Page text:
Author Topic: High current h bridge?  (Read 5050 times)

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Offline Half ShellTopic starter

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High current h bridge?
« on: November 29, 2007, 01:09:17 PM »
Hey, I'm trying to find a high current (up to 14 amps, prob around 7 volts) h bridges. I'm more looking for a friend but any help is appreciated.

Cost should be kept down, but isn't critical. Thanks!

Offline bens

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Re: High current h bridge?
« Reply #1 on: November 29, 2007, 02:18:03 PM »
ST's VNH2SP30 and VNH3SP30 are right in that ballpark.  Pololu has dual and single VNH carrier boards that let you do 30 A max and around 14 A continuous (VNH2 only, VNH3 can do up to 9 A continuous) without a heat sink.  If you added a heat sink you could raise the continuous current rating to something closer to the 30 A max.

Offline Half ShellTopic starter

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Re: High current h bridge?
« Reply #2 on: November 29, 2007, 02:32:18 PM »
Thanks, but are there cheaper solutions? I'm used to the 4 dollar 1 amp SN75440NE that controls two motors, but this 35 to 50 dollars!

Offline bens

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Re: High current h bridge?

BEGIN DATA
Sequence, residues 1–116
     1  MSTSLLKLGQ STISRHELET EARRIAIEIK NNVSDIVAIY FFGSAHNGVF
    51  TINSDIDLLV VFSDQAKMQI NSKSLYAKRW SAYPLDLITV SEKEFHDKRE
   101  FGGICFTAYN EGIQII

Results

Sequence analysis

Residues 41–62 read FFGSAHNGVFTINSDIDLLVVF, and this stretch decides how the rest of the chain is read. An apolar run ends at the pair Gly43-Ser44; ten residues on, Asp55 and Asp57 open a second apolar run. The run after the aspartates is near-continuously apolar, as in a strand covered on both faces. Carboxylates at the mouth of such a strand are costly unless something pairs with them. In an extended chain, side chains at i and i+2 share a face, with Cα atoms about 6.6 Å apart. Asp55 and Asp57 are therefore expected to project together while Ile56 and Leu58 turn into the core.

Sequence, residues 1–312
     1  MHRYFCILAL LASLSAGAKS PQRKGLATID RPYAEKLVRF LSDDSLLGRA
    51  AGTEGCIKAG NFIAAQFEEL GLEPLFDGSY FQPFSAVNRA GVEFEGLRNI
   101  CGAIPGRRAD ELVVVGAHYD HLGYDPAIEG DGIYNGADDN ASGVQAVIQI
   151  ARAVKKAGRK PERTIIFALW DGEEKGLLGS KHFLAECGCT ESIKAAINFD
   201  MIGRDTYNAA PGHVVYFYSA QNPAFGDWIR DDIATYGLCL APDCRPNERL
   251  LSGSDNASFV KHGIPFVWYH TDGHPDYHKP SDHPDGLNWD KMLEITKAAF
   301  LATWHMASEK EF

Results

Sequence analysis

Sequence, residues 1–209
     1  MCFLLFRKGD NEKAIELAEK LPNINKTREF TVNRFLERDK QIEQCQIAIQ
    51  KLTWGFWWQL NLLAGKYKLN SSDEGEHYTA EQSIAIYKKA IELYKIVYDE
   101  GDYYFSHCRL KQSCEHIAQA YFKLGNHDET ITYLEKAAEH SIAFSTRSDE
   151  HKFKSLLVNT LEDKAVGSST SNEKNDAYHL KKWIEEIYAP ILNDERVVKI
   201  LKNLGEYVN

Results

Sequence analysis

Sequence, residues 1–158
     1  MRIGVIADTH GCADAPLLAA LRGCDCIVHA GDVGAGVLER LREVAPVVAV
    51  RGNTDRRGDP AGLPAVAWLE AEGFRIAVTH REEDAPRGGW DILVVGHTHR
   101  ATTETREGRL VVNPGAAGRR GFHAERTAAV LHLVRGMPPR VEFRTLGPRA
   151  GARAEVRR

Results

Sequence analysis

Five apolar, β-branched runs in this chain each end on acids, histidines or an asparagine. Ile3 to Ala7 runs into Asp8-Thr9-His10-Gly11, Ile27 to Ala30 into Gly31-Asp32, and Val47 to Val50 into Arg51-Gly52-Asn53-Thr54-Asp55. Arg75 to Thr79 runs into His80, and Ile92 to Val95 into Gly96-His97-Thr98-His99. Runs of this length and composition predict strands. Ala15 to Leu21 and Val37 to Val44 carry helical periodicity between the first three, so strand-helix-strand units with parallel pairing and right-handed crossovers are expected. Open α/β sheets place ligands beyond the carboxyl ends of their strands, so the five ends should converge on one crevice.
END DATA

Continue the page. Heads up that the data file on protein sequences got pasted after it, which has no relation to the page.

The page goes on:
« Reply #3 on: November 29, 2007, 03:44:45 PM »
Well, digikey wells the VNH2s (each IC contains a single H bridge) for a unit price of $10.51 (and VNH3s for 8.26 each), so I suppose you could buy the chip and surface-mount it yourself to a PCB.  I'm not sure what other high current H bridges are out there, but I expect the prices would be similar to this.  Driving a motor at 14 A continuous is much harder than driving a motor at 1 A continuous.

Offline Half ShellTopic starter

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Re: High current h bridge?
« Reply #4 on: November 30, 2007, 09:55:29 AM »
Alright, I think I've got what I need. I'll be using just the stand alone chip and wiring it myself andwhatnot. Thanks bens!

Offline Half ShellTopic starter

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Re: High current h bridge?
« Reply #5 on: November 30, 2007, 12:19:28 PM »
Hold up, I was reading the data sheet for the VNH3 and VNH2, they both say they can hold 30 amps continuous - does it still require the heatsink when going above 9 amps because it isn't mentioned there?

Offline bens

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Re: High current h bridge?
« Reply #6 on: November 30, 2007, 02:16:16 PM »
For you it might require a heat sink before 9 amps.  The carrier boards I linked to in my first post cool the chips by acting as a heat sink, allowing them to reach the current levels I listed without overheating.  The chip by itself could very well overheat at lower currents.

Offline Admin

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Re: High current h bridge?
« Reply #7 on: November 30, 2007, 05:23:16 PM »
In the datasheet look for something probably called 'power rating' or 'power dissapation'. It will be near where it says 'maximum voltage', etc.

The chip can only dissapate so much heat to the atmosphere at any point in time.

To know how much power you are putting through the chip, multiply expected voltage x expected current.

Power = voltage * current

If the power you need is below the power rating, you will not need a heat sink.

 


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